Source: Flickr user torkildr
Imagine if companies could track the energy usage of a single web user uploading video content to YouTube, or the amount of energy consumed by a the click of a mouse to store photos in the cloud. It might sound like a pipe dream, but Sentilla CTO Joe Polastre thinks that eventually the rapidly growing industry around data center and IT energy efficiency could provide that kind of transparency.
This morning, Sentilla unveiled new features of the company’s Energy Manager software that track performance and energy use across both virtual and dedicated server environments. Virtualization has been the main trend in data center efficiency to date, with the benefits of consolidating workloads onto fewer servers pretty self-evident. But comparing relative computing resources and energy efficiency of virtual versus dedicated servers has been a challenge. Sentilla’s new capabilities could be quite useful for companies thinking of moving to virtualization, as a tool to calculate the relative costs and benefits of doing so versus sticking with a dedicated, single-server environment.
Sentilla’s “virtual meter” technology measures the server’s activity against how much power it uses at different levels of utilization. The process yields energy use data with 95 percent or better accuracy. That style of energy tracking makes “metering” virtual machines fairly simple, Polastre said. That’s useful not only for planning optimal virtualization strategies, but also for squeezing operational efficiencies out of virtualized environments by finding and eliminating unused virtual server space and other similar tasks.
Even so, there are some things Polastre wishes Sentilla’s technology could do that it can’t — yet. “You can certainly calculate what’s going on at the endpoints. What’s going on in the middle is kind of out of your control,” he explained. In other words, Sentilla’s Energy Manager can calculate computing and energy efficiency at the server and networking equipment level, but it can’t tell how much energy is being used by an individual application being run on different IT environments. That kind of “watts-per-click” capability could track how much energy is used by each piece of hardware an application uses as it processes a request sent by a desktop computer to a server in some far-away data center.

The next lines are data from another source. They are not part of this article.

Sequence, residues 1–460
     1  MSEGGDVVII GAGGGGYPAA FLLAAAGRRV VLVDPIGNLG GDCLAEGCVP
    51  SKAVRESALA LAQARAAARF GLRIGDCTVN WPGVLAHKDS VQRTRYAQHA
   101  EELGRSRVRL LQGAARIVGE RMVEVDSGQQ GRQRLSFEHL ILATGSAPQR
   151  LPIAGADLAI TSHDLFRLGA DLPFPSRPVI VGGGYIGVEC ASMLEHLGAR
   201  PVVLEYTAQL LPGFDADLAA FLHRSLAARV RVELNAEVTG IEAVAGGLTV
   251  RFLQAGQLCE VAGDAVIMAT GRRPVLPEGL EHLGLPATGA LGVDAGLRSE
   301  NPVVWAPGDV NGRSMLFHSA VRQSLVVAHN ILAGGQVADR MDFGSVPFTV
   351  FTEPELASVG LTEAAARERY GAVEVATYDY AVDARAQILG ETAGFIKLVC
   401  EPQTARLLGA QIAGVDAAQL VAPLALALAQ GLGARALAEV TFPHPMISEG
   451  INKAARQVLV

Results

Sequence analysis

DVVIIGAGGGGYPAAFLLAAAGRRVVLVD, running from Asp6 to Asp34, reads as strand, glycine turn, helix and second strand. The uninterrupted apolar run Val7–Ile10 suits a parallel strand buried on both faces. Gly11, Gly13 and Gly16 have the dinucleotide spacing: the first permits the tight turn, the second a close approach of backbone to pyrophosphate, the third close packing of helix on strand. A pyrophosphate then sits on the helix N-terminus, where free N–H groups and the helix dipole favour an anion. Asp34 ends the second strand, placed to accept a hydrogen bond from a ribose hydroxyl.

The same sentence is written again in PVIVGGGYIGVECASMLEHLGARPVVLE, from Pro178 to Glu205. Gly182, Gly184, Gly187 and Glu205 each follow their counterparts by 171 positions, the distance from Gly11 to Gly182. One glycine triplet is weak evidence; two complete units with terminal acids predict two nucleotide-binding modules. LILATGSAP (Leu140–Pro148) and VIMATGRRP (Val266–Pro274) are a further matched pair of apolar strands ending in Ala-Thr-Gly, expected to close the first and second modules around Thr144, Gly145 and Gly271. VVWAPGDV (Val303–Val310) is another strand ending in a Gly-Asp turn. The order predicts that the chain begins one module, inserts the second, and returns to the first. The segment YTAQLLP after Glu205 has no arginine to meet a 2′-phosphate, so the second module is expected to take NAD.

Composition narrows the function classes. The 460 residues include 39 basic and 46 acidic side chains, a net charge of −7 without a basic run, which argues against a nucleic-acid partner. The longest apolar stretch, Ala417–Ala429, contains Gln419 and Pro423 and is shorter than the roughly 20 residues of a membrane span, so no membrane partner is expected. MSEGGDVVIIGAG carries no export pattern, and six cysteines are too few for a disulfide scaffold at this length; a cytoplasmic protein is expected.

In order to eventually accomplish this, Polastre envisions something called “application dependency mapping,” which would seek to ask each application a series of questions such as what storage it hits and what network traffic flow is involved. From that stream of data could come a calculation of how much energy and IT capacity is used on some kind of “per-click” basis. “In all honesty, we’re not doing this today,” he told me. “But this is where we’re headed.”
Right now companies are simply struggling to make sense of the different energy and IT equations arising from the move to virtualization. That makes the idea of getting even more involved with more complex “kilowatt-per-query” type application-specific computing energy calculations a daunting one, said Katie Broderick, a senior research analyst at IDC.
Still, it would be useful to resolve questions about energy efficiency of different IT architecture options — one of them being cloud computing. Pike Research has predicted the move to the cloud will yield a 38-percent decrease in IT energy expenditures by 2020. But as we’ve discussed recently, cloud computing can be a net energy loser if the costs of transporting lots of data across long, energy-hungry networks are taken into account.
That fact raises the question of which uses of cloud computing are more energy efficient and which aren’t. It’s pretty easy to predict broad categories of tasks that might be less energy efficient when performed in the cloud — streaming video data from a remote data center versus running it from a DVD on a laptop is one example Pike Research cited. Getting specific information on an application-by-application basis, however, is beyond the capabilities of green IT technology today. Could new technologies like the application dependency mapping Polastre envisions yield answers to that question? And, can it be carried out at a low enough cost and high enough level of simplicity to make it worthwhile? I’m curious to hear your thoughts — feel free to contact me and share your ideas.
Related Research: How to Make Cloud Computing Greener